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Jackson v AEG lawsuit unlikely to reach court until next spring

By | Published on Wednesday 16 May 2012

AEG Live

Katherine Jackson’s lawsuit against AEG Live regards its employment of Conrad Murray as her son’s personal doctor will now not reach court until next April, after lawyers for the live firm said they needed more time to prepare.

As previously reported, AEG’s attorneys had already said they were struggling to get all the information they needed from the Jackson camp in order to prepare their defence. Last month a judge ordered the Jacksons to provide whatever information was still lacking pronto, though their lawyers argued that they had gathered together the required material as fast as they could, noting that doing so had required asking the late king of pop’s children some pretty harrowing questions, which had taken a certain amount of time to do.

Murray, of course, was last year found liable for the 2009 death of Michael Jackson, with the LA criminal courts ruling that the doctor had caused the singer’s demise through negligence, in particular in providing his patient with the dangerous surgical drug propofol in a domestic environment as a cure for insomnia, and then failing to properly monitor his patient.

Mrs Jackson says AEG Live should accept civil liability for Murray’s actions as it was the company which hired the doctor and was paying his bills. However, the live firm argues that, while it may have provided the money to pay Murray’s fees, he had been recruited by and reported to Jackson himself, and the company therefore cannot be liable for the doctor’s actions.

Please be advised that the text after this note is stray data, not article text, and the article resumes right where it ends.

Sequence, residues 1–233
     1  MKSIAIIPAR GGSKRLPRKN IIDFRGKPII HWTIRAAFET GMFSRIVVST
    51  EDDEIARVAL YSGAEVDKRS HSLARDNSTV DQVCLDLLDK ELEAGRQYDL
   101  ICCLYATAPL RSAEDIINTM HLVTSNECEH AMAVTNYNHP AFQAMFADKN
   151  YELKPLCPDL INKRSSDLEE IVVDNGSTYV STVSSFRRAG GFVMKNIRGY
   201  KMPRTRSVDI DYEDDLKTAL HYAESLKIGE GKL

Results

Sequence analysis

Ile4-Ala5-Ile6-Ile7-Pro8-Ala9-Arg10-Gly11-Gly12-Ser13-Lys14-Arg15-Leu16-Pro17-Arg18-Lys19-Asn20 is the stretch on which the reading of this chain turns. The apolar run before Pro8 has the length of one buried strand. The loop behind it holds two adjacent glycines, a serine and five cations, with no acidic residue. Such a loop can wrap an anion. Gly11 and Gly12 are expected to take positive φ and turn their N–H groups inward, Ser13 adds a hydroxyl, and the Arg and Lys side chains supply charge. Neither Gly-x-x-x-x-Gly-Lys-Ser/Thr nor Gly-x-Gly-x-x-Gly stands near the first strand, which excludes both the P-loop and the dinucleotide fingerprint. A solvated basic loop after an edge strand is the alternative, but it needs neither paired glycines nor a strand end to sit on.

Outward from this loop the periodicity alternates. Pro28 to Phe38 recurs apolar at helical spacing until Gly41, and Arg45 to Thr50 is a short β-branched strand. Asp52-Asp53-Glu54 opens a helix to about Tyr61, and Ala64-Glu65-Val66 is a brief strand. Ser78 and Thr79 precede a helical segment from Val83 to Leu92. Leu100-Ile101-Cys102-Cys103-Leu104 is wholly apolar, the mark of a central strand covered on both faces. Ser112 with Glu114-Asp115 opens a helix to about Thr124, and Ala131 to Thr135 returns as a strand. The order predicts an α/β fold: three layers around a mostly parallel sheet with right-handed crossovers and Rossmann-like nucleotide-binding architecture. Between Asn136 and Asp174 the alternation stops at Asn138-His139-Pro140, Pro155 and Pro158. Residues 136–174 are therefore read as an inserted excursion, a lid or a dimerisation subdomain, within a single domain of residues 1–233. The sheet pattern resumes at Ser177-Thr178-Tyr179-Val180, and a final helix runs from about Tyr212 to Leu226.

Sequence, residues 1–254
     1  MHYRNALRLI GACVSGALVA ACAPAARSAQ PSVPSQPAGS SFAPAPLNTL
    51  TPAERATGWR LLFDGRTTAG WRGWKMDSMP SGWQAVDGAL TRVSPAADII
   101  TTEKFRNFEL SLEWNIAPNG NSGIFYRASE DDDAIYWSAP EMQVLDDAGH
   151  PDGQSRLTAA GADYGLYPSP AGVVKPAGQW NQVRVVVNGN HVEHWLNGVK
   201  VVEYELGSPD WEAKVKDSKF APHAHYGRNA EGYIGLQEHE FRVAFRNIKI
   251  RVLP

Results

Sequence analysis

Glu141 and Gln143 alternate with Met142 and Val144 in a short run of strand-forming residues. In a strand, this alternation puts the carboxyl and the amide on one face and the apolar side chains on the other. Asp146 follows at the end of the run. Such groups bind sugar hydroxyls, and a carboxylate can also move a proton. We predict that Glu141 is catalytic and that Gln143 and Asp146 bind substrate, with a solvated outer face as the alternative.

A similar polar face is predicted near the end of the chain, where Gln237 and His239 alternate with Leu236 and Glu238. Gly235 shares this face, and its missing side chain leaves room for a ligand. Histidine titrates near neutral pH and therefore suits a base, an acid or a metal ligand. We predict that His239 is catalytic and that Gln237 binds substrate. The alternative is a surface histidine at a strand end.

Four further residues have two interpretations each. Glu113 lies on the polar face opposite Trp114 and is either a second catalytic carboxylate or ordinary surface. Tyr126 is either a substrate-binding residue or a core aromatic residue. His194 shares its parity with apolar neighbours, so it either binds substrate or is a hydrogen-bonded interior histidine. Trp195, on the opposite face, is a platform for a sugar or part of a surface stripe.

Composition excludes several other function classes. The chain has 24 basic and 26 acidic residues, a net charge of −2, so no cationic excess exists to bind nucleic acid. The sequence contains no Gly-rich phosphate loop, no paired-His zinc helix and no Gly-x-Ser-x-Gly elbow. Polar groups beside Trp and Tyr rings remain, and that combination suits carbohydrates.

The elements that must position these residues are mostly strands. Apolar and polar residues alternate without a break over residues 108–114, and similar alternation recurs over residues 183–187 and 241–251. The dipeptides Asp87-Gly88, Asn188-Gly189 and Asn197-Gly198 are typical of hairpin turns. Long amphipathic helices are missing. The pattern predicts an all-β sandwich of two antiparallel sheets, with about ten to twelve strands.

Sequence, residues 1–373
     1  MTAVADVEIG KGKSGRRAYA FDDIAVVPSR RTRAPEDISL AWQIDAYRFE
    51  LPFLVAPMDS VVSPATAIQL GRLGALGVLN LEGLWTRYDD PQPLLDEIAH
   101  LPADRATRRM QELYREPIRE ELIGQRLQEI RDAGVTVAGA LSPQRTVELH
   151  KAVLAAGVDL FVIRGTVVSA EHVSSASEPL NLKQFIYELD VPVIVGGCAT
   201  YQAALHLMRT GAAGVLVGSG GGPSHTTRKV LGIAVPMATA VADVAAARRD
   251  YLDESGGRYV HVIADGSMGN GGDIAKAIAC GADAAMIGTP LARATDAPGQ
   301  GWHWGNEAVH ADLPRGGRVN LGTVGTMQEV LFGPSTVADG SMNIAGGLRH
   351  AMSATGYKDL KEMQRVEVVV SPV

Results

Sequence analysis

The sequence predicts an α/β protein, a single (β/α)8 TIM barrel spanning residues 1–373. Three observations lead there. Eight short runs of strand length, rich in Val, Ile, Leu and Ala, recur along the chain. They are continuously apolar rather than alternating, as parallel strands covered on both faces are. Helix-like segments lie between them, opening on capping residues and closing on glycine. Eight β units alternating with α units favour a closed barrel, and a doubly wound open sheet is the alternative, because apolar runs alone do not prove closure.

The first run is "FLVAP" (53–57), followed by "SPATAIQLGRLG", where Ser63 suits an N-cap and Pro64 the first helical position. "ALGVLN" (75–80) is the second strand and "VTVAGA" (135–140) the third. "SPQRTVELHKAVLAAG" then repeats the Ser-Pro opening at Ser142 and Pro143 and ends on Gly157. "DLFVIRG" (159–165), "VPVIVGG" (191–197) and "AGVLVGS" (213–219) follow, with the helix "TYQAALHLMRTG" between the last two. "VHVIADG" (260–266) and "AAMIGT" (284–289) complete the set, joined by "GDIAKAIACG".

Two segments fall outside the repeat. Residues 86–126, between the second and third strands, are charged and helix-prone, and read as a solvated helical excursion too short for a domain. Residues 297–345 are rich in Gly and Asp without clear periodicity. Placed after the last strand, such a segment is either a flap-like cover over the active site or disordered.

The case had originally been due to reach court in September, but legal reps for AEG say they need more time to prepare, because of the amount of information they are processing and the time it took to gather that material, as well as number of other ‘procedural issues’. The live firm’s court submission also said the company had new information that showed Jackson’s drug dependencies preceded the appointment of Murray, and that that evidence should be reviewed before any trial begins.

The Jackson camp seem undecided about whether or not the oppose the proposed postponement of the case. The family’s attorney, Kevin Boyle, said he thought the lawsuit should have ‘priority case’ status because it involves a minor under fourteen years old – Jackson’s youngest son Blanket – which, under the LAsystem, means the courts have a duty to avoid unnecessary delays. That said, ‘priority case’ status wouldn’t speed up any court hearing that much, and Boyle seemed to admit earlier this week that having more time to prepare might help his side too.